Katapult : faster and easier access to your applications, bookmarks and files

September 5th, 2007 edited by ana

Entry submitted by Ingo Wagener . DPOTD needs your help, please contribute!

Everybody must know the feeling – you installed this great program the other day and now you want to run it. You remember the name, but where in the world it is in the menu? Under System? Under Utilities or even Settings to name but a few options? And so the annoying search starts.

Granted, there are ways of getting round this such as the familiar ALT+F2 and then typing the entire name of the program. Some of us would go to (or already are on) the command line – again followed by typing the program name, perhaps aided by hitting a tab or two.

Those who are well organised – and at times I count myself amongst them – incorporate it into the quick starter on the taskbar so as to get accustomed to its icon and see how usage progresses.

But what do you do when you are not at your peak in terms of organisation (i.e. most of the time) or worse, you don’t even remember the full name of the program?

Help is at hand in the form of Katapult. This is a nifty little helper which, once installed, is called into action by hitting ALT+space and greets you with this:

Say I want to take a screenshot. Running KDE I want to call up the program ksnapshot. What is the quickest way of getting to it? 5 keystrokes as far as I am concerned – this is without having a special keyboard shortcut set up, which obviously could reduce this number. How? Here goes, ALT+space and you get the above, then I type a K, as the program I am after starts with a K followed by an S and finally the N and I get the following:

All I have to do is hit enter and my desired programme comes up. So how exactly does it work? Why do I have to type KSN to get the shortcut for Ksnapshot? Here is a breakdown of what happens in between after I have typed both the K and the KS:

You can see the typed letters highlighted in blue and cycles through all the possibilities until it hits on the one you want – and you press enter.

But Katapult will not only work on programs but also functions as a calculator, it even indexes files! Thus, if I wanted to quickly find out what the result of 56324/18*17 is I’d type ALT+space followed by the what I want to calculate. Katapult will answer to this query as follows:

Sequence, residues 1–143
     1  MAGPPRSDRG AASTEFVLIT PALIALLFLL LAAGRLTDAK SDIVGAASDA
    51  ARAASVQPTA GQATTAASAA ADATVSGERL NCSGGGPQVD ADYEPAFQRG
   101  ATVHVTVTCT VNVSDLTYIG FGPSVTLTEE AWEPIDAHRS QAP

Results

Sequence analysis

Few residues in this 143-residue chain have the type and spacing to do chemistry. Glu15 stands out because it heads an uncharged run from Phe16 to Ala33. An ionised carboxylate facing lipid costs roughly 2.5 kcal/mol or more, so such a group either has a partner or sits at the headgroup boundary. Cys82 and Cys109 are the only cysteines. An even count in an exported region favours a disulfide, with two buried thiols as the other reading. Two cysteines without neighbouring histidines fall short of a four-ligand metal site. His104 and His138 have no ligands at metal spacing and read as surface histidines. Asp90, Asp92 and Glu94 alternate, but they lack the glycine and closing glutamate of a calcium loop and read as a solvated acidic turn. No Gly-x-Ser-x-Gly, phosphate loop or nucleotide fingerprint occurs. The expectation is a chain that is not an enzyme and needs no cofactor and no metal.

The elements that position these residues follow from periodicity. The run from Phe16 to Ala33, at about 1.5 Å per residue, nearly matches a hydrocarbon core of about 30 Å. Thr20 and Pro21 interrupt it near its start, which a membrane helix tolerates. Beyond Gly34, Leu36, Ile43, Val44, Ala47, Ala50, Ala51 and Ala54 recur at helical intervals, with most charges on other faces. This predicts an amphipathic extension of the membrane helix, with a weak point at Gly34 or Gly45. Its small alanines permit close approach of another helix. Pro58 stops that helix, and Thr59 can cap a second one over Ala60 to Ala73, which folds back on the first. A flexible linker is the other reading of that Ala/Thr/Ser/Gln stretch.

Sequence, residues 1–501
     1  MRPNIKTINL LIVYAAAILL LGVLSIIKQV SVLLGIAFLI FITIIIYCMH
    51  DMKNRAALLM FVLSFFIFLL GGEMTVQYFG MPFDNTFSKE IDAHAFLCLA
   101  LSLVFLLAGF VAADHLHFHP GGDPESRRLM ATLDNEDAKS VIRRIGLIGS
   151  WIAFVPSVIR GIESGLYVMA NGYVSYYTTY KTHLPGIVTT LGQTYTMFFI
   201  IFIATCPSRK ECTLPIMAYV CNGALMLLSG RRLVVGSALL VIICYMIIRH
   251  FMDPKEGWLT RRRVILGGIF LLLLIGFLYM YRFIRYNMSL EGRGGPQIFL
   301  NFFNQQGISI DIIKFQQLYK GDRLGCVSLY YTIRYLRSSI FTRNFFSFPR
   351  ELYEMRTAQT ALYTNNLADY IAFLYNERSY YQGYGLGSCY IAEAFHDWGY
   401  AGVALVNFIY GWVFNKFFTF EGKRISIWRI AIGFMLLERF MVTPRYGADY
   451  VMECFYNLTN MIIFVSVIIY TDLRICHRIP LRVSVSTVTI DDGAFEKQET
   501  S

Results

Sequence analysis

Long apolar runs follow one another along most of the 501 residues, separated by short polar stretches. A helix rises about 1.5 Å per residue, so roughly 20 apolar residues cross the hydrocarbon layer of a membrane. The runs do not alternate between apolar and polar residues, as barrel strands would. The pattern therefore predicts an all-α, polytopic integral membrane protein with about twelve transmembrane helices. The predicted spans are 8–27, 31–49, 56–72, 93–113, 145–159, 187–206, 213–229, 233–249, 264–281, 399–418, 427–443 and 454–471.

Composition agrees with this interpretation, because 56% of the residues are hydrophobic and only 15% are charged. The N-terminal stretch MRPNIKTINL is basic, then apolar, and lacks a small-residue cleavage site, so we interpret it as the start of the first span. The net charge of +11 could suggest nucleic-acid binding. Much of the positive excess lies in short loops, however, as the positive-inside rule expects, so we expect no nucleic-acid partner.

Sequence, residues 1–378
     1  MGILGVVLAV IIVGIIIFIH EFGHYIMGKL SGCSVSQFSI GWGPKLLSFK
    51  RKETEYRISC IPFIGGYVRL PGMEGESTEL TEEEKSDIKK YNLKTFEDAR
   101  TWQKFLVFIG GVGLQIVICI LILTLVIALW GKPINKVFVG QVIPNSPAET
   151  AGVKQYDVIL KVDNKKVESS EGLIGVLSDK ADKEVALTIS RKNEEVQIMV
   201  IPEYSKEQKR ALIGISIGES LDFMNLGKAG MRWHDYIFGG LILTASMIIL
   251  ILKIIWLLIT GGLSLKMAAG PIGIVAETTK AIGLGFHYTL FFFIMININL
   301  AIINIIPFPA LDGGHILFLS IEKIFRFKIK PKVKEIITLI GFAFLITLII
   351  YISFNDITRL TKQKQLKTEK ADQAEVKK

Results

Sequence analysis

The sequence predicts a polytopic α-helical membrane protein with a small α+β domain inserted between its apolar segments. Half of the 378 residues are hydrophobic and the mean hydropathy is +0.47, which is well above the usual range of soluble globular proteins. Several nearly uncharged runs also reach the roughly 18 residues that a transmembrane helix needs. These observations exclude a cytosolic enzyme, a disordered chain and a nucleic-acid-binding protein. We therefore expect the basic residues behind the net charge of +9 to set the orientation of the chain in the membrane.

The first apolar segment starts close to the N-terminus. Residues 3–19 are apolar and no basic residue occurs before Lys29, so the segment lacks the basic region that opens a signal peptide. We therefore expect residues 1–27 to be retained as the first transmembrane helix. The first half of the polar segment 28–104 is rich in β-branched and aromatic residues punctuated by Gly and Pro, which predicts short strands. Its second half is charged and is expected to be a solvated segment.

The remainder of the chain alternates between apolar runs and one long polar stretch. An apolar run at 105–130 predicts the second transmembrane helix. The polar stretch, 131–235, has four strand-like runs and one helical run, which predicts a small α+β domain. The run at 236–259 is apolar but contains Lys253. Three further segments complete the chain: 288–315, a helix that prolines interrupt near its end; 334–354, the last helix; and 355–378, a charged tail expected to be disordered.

Alternatively, if I wanted to listen to a specific song like “The battle of Epping Forest” I’d type any part of the song’s name, in this case “epping” and Katapult greets me with the following result:

But that is not all, it also indexes your bookmarks. To give you an idea of its manifold capabilities here is a screenshot of its configuration window:

All I can say is that is has increased my productivity, and prolonged the life of my mouse’s batteries in equal measure.

Posted in Debian, Ubuntu | 23 Comments »

Conky: highly configurable system monitor for X

September 2nd, 2007 edited by ana

Entry submitted by Casey Stamper. DPOTD needs your help, please contribute!

Conky is one of my favorite applications for all of my Linux distros. It is a light-weight system monitor (according to the project page) that can monitor many different aspects of your computer. You choose what to monitor and you choose where the monitor is displayed on your desktop through use of a configuration file - .conkyrc. I like to have my display on the top right of the screen and I have the background transparent so it looks like it floats on the desktop.

Here is a screenshot: (click on the image for full size)

I especially like the CPU temperature monitor because I like to keep track of how hot the CPU gets when I’m doing CPU-intensive operation. The application is very light on resources (especially important for my Inspiron 5160) but allows you to keep track of a lot of system parameters without the bloat of a GUI front end.

Among other things, I monitor disk space, memory usage, system load, network download and upload speed, internet connections by protocol, RAM usage, swap usage and running processes. Although it takes up a bit more memory to do so, I also monitor the /var/log/messages file (the same as having a window open running tail -f /var/log/messages just to see if anything is happening behind the scenes that I should be aware of.

With this utility running all the time, if something should suddenly crash or if I have any slowdowns or anything else unusual, a quick glance at these various readouts will usually allow me to narrow the problem down to something specific.

If you use GKrellM or another built-in monitoring package, try this one out - I think you will like it.


Posted in Debian, Ubuntu | 14 Comments »

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